diamond myths

The Mythology and Magic of Diamonds: Folklore and Symbolism Throughout The Ages

Over time the diamond has become known for it’s immense value and it’s worldwide popularity, especially among the wealthy. It is surely the most popular of all gemstones on the market today and that might have something to do with the fact that it has come to represent eternal love and everlasting commitment. However, before the days of multi-million dollar De Beers marketing campaigns and Tiffany’s luxury stores, for centuries, the diamond was shrouded in mystery and mysticism. Many different theories and myths arose from the farthest corners of the world. Here are some legends that allude to the more supernatural of qualities associated with diamond myths from throughout history.

 

The word “Diamond” comes from the ancient Greek word “Adamas” which means invincible. In fact in Classical Greek literature, Plato suggested that diamonds were actually living creatures that embodied celestial spirits. Then by the first century AD, The Romans went on to add that diamonds were actually the tears of the Gods, and the splinters of the stars that had fallen to earth and eventually used in the tip of a cupid’s arrow.

 

The diamond had also long been used as a barometer to determine one’s guilt or innocence when accused of a crime. Jewish high priests believed that a diamond would darken if held before a guilty person, but when held before an innocent person, it would illuminate. I’m sure this made for a lot of guilty verdicts at the time, but within Judaism it was believed that the diamond could differentiate between true or false. It’s safe to say that some diamond myths are more dangerous than others.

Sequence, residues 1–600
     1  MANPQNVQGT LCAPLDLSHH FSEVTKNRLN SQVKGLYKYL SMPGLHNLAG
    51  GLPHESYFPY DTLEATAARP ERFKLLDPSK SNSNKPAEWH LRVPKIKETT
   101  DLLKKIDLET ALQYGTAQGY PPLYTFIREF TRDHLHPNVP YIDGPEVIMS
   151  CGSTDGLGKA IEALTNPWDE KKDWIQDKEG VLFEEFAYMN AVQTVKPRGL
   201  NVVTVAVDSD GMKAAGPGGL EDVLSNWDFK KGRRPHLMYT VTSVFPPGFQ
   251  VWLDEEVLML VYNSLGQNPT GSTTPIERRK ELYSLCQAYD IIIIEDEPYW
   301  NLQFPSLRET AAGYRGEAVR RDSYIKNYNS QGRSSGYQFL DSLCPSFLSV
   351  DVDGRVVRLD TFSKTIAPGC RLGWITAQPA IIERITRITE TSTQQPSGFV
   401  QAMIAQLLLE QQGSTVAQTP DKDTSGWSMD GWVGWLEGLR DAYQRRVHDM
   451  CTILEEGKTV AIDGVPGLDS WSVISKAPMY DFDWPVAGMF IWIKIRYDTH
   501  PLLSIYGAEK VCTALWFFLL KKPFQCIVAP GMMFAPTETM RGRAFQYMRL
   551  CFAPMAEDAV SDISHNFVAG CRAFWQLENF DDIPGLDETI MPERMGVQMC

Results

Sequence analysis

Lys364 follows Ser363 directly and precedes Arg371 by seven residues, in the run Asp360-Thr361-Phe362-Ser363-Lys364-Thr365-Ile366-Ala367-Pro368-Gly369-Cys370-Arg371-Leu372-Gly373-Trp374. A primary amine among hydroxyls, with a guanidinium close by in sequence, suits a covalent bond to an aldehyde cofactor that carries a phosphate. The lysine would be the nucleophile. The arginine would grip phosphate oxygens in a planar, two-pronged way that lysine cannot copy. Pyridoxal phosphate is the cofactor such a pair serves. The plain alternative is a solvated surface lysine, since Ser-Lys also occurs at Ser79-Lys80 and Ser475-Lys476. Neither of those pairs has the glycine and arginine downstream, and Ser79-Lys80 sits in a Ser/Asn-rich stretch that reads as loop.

In many cultures throughout history (and even up until this very day), the diamond has been considered an agent for healing. It has been used for a wide variety of purposes such as: to treat depression, stomach pain, memory loss, nightmares, tiredness, infections and various other mental health and heart related health issues.

 

In Hinduism, the diamond was considered to be a result of lightning striking rocks, and was even thought to have been a lightning conductor itself. Many Hindu sculptures have diamonds for eyes. The Persians believed that diamonds were created by Satan to tempt human beings, while God had no need for gems of any kind. As you can see there’s a lot of variety, but there’s a theme with their connections to gods and demons.

 

In the 16th century, Catherine De Medici dealt out the death penalty by diamond powder. The guilty party would be force fed diamond powder until they keeled over and died. Many assassination attempts on various members of the aristocracy were made by attempting to poison them by diamond dust. This association, of diamond poisoning, may have been used to dissuade people from stealing diamonds from mines by swallowing them, which was a popular method of diamond theft until that period. Were people actually being poisoned with diamond powder? We may never know, because this is one of those diamond myths that’s much harder to debunk.

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